Every day little ones race across the living room and bound onto the couch. Together they jump as if the cushions are their very own mini trampolines. Their jumping reminds me of the character in the book Little Fox by Marilyn Janoyitz. Little Fox loves to jump on his mom’s chair and even tries to ride it like a horse. Then, one day, Momma’s chair breaks. The book Little Fox inspired this fun STEM activity to build a chair for a stuffed animal.
There are so many materials that your child could use when designing his/her stuffed animal chair. I suggest gathering a variety of materials for your child to choose from. I put mine all in a box as an invitation to create.
- Cardboard Tubes
- Empty Play-Doh Cans
- Empty Food Containers
- Cardboard (Empty cereal boxes would work great.)
- Cotton Balls
- Craft Foam
- Scrap Paper
- Drinking Straws
- Clear Packing Tape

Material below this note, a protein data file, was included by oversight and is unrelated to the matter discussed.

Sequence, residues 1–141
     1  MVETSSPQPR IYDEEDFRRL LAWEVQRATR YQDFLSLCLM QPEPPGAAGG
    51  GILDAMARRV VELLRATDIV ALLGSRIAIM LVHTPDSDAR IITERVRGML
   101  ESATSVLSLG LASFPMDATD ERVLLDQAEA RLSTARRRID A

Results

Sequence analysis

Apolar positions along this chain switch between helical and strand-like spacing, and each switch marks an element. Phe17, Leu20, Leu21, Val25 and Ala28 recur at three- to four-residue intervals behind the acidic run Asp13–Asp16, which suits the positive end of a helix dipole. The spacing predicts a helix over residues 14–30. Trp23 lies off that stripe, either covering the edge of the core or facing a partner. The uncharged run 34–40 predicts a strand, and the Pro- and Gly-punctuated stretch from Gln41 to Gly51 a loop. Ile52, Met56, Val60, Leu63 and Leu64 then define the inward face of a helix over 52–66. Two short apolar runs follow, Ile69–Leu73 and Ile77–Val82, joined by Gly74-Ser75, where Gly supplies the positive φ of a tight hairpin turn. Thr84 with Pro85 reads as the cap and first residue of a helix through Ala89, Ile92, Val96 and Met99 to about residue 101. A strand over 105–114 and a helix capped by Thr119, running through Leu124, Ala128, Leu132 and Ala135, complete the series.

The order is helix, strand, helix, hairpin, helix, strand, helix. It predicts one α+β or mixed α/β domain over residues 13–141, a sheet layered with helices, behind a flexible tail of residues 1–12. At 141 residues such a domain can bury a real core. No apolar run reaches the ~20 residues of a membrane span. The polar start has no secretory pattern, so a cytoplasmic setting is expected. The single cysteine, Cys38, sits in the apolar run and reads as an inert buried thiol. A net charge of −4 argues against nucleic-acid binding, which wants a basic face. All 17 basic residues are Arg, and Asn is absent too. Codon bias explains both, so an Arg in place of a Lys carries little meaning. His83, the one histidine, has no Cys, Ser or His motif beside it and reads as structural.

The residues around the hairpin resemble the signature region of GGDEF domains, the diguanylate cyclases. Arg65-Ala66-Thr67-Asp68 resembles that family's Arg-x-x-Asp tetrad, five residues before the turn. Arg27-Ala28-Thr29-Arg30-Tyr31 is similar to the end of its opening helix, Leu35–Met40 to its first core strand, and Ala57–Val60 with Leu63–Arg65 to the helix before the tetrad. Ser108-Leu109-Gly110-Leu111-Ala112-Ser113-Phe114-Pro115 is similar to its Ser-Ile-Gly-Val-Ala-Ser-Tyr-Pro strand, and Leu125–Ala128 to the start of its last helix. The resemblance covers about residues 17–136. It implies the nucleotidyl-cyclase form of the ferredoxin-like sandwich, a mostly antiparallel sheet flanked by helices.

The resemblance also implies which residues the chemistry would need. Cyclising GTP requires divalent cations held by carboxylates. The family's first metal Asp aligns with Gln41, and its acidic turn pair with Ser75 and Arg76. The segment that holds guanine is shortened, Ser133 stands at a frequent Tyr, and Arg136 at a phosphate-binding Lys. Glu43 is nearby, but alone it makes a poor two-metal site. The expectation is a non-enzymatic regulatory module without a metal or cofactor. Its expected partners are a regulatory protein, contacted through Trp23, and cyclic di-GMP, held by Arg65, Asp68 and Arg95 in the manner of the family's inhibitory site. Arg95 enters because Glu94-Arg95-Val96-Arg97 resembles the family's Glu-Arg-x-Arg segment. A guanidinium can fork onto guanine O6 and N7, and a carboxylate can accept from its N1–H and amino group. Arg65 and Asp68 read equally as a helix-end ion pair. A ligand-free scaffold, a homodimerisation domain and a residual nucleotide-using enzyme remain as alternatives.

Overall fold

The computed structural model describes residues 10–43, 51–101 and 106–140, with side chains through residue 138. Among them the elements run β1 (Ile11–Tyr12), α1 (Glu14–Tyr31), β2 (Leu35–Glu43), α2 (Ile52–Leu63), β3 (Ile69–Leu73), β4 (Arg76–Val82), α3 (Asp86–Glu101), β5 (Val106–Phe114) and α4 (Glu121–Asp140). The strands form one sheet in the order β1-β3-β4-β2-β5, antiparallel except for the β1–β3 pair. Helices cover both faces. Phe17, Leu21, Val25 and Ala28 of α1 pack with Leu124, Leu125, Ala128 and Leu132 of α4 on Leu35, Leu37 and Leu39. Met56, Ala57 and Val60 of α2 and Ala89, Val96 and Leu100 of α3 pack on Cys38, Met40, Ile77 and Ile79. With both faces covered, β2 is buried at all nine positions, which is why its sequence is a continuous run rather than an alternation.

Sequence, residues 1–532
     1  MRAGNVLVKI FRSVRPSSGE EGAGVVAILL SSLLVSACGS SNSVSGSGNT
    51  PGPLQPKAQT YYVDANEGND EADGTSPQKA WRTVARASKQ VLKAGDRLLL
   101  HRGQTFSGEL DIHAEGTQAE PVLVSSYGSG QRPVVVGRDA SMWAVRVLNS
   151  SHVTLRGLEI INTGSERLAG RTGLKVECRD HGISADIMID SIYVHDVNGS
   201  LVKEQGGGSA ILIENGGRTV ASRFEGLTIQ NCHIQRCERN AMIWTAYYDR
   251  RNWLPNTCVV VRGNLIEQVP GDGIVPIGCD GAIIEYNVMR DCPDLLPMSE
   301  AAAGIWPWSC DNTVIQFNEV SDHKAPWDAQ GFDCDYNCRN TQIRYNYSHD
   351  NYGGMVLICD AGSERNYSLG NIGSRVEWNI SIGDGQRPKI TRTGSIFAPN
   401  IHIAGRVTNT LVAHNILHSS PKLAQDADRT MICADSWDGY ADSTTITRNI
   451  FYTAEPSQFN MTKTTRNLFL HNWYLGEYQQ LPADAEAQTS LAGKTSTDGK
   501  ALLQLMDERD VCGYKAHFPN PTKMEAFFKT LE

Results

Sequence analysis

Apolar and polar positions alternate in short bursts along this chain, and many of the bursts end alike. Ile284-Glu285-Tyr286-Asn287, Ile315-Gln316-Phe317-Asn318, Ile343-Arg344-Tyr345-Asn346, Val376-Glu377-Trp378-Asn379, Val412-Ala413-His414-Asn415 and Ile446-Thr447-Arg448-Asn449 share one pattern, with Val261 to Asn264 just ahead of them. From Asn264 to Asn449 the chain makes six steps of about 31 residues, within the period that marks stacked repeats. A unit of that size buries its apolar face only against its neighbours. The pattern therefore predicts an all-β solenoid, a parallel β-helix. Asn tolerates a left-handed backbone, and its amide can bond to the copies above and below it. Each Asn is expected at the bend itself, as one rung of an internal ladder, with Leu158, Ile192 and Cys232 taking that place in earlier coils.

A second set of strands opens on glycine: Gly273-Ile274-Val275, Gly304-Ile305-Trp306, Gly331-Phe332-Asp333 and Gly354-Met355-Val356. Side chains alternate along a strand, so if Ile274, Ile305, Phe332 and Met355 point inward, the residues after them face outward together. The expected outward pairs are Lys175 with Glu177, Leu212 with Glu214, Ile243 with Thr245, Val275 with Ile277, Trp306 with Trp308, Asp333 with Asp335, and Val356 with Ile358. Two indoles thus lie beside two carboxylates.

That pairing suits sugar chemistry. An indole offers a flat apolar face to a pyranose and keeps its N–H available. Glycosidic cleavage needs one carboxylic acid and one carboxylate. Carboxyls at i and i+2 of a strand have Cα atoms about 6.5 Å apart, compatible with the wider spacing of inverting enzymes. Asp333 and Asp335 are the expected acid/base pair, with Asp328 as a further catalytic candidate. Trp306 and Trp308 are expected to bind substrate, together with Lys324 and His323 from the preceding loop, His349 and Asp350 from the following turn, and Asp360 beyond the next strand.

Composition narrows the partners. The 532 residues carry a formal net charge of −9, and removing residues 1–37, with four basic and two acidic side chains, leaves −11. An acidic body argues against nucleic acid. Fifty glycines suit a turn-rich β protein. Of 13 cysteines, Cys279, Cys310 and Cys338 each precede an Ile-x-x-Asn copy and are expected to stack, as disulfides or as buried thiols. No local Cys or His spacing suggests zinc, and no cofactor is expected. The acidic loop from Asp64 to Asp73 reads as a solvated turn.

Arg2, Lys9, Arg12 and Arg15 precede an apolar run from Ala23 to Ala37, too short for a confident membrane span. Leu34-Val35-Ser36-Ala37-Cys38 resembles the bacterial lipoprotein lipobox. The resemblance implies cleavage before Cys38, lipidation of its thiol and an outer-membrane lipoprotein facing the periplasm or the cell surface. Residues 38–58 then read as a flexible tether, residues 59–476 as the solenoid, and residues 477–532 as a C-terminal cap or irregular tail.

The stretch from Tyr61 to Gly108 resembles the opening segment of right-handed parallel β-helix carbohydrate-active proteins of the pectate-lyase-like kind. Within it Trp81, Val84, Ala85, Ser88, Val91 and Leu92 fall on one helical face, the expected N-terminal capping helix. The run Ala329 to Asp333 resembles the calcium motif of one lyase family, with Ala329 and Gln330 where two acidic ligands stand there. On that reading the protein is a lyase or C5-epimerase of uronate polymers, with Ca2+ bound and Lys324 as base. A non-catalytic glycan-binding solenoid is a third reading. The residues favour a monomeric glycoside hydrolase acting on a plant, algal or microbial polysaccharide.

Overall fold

- Craft Glue
- Hot Glue Gun
The challenge, of course, is to design a comfortable chair that will actually hold a stuffed animal. We chose smaller stuffed animals, but you may want to increase the challenge and have your child create a chair for a larger animal.
Allow your child time to go through the materials and experiment with what might work. We used hot glue to quickly put materials together. (Caution: hot glue should only be used with adult supervision. Younger children can tell where to place items and the adult can do the actual gluing.) Clear packing tape may also work in quickly holding items together. For smaller pieces, like adding cotton balls to the seat, craft glue will work.
As your child builds they may find their design needs tweaked a bit in order to hold up their stuffed animal. Cardboard tubes may need to be cut shorter so the chair doesn’t tip as easily; a different back may need to be created to hold animals in place. This is all part of the learning process.
Mine each built 2 chairs, and each of them was a unique design.
Finally, be sure to test those chairs out!
Thanks to this STEM activity the stuffed animals now have chairs. I wonder if I will see them bouncing on them like a certain couple kids do each day on my couch?
Check out these other STEM challenges: